Focus on Harsh Environments: How to mine more yet maintain less
By Carroll McCormick
From increasing its scheduled maintenance activities from five per cent to 40 per cent, to reducing unplanned shutdowns in targeted areas by 50 per cent, a new approach to maintenance at the Brunswick...
September 1, 2002
By Carroll McCormick
From increasing its scheduled maintenance activities from five per cent to 40 per cent, to reducing unplanned shutdowns in targeted areas by 50 per cent, a new approach to maintenance at the Brunswick Mining Division (Bathurst) of Noranda Mining and Exploration Inc., has yielded big rewards since its launch in 1999.
“The improvements are excellent in some areas,” says Jean-Guy Paulin, the Bathurst, N.B., mine’s information and maintenance systems superintendent.
“When we started the maintenance management process improvements, we hired Strategic Asset Management Inc. (SAMI) from the United States to help make an assessment of our maintenance practices and provide guidance. The first part of the program was to improve the work management process — work ID, prioritization, planning and scheduling. We [also] decided to start a maintenance reliability improvement program with SAMI’s help.
“Our efforts in reliability have enhanced the efficiency of the maintenance group and increased the availability of our equipment,” says Ron Tessier, the Bathurst operation’s plant manager.
Most areas of the mine’s operations are covered, and scheduled maintenance has risen rapidly. It includes “anything that we can identify ahead of time, that we can organize,” says Paulin. The figures were six per cent planned and scheduled in 1998 and 36 per cent in 2001. That year, of a total of 483,000 maintenance work hours, 175,000 hours were scheduled a week in advance. In the first five months of 2002, the figure rose to 41 per cent. “The intention is to reduce the amount of breakdown maintenance,” says Paulin.
Maintenance time against production has dropped, even as production has increased: The tonnage of ore mined rose from 3.2 million tonnes in 1998 to 3.5 million tonnes in 2001, and concentrate production rose 21 per cent to 786,000 tonnes in the same period. Yet maintenance hours dropped six per cent to 483,000 hours in the same period and overtime dropped by 15 per cent to 30,000 hours. One of the contributing factors is the reliability improvement program, according to Paulin.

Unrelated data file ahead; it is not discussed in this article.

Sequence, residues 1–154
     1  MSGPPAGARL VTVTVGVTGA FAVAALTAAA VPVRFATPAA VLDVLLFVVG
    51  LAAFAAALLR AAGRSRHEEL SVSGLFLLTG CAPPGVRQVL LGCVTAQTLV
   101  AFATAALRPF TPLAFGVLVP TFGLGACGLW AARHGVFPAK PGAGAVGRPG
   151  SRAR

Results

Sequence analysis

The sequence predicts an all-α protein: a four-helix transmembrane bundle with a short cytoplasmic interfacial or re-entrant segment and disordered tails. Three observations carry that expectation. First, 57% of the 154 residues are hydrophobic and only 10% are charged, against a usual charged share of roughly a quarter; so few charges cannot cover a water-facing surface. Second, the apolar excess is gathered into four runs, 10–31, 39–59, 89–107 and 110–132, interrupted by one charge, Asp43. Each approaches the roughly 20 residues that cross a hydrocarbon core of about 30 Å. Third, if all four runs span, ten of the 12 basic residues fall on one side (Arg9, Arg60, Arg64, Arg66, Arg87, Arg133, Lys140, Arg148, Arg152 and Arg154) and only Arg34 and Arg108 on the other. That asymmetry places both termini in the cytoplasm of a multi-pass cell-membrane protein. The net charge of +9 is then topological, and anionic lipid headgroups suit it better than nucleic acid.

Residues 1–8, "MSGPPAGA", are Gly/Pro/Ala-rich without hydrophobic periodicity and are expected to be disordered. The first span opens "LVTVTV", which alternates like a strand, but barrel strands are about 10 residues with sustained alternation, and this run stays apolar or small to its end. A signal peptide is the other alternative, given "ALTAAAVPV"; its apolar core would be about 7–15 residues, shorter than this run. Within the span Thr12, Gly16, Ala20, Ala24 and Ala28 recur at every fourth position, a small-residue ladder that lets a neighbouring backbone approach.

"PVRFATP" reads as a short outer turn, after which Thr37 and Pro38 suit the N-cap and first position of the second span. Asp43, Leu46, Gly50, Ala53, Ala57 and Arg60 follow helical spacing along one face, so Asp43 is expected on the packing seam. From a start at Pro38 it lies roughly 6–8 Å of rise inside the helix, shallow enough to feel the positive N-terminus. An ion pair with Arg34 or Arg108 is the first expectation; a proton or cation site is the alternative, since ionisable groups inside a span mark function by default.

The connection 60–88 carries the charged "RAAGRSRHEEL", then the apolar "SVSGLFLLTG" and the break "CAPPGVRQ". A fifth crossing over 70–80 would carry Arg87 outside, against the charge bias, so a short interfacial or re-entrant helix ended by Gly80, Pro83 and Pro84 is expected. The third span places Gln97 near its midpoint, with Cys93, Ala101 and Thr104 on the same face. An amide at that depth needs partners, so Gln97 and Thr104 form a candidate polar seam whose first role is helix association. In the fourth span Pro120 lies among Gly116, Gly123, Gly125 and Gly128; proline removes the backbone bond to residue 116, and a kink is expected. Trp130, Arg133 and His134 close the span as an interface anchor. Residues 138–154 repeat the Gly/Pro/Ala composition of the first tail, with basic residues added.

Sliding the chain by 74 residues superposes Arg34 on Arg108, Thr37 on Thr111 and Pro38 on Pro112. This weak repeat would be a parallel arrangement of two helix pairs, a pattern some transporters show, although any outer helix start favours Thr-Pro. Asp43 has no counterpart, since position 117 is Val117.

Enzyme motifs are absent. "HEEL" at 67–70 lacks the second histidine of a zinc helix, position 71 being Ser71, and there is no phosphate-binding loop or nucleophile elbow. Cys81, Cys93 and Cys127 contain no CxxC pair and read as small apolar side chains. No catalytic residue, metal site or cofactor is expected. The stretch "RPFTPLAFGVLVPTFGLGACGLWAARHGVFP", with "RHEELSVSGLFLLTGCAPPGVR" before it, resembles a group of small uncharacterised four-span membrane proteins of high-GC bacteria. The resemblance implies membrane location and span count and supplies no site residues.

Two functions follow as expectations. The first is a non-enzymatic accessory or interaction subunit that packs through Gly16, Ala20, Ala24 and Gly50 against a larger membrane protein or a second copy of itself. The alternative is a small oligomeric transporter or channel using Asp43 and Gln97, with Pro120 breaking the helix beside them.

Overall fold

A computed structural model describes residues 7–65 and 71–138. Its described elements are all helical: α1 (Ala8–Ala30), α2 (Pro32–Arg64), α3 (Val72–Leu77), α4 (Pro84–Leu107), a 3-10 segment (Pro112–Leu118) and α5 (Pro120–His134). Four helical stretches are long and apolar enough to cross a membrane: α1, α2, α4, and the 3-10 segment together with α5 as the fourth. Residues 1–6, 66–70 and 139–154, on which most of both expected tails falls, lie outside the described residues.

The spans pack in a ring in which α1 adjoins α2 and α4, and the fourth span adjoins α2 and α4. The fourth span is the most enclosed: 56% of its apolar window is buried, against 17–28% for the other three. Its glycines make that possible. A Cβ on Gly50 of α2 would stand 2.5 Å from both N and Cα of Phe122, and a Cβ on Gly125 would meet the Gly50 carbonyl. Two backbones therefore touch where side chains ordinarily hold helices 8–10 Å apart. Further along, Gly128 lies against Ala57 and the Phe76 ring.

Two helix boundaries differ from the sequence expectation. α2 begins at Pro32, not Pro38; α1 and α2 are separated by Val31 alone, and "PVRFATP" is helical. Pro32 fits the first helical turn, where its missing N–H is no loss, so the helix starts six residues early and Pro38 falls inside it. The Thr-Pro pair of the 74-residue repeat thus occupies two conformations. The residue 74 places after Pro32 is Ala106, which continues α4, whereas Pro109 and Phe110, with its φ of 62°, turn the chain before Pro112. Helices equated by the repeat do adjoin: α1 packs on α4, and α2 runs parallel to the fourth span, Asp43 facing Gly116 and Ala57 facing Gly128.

Ore mined per man-hour of maintenance increased by 17 per cent to 7.4 tonnes in the same period. “I was expecting an improvement in productivity because we were concentrating on getting better at repairing equipment and reducing shutdowns,” Paulin says.
Six Sigma techniques used
The Brunswick mine used Six Sigma techniques to effect reliability improvements — to find out where the most frequent work is done and decrease the amount of work.
“The first phase was about being more effective at repairing equipment,” says Paulin. “The second phase was a focus on monitoring equipment and improving reliability; for example, monitoring man-hours, understanding what is wrong with the equipment so it can be improved, and identifying equipment that requires frequent repairs.
“You can’t improve something you don’t know. Define and measure what you do, measure your performance and analyze your information, such as work orders. When it is all analyzed, look at improvement methods, implement them and make sure they work.”
Take, for example, the mill lube oil system in the Semi-Autogeneous Grinding Mill (SAG), where ore is ground to a fine powder. “When the project was started by Terry Fortune (a Six Sigma black belt), we had 28 days mean time between failures that caused an unplanned shutdown of the SAG mill. When it shuts down, we have no more feed for the main plant. Since the project was started we have had just one occurrence due to the lubrication system after 368 days, and that happened 174 days ago,” Paulin explains.
The mill supervisor, Don McLean, and his team have reduced the unplanned shutdowns of SAG mill systems — conveyors, silo, feeders, pumping system — by 50 per cent, from nine a month to four a month.
Mark Rice (also a black belt) started a production drilling reliability project in 2000. “We had a fleet of 10 MTI downhole drills. Now we have six drills and the maintenance cost per foot drilled has dropped from $3.11 to $1.75,” Paulin notes.
Currently, explains Paulin, “we are trying to integrate the Six Sigma methodology with our equipment maintenance program. We are working on four more reliability projects and have created the position of reliability engineer to help further these goals. There is still a lot of work to do, but many employees have done a lot of work to get where we are since embarking on this road in 1998.”
Carroll McCormick is a Montreal-based writer and regular contributor to Machinery & Equipment MRO.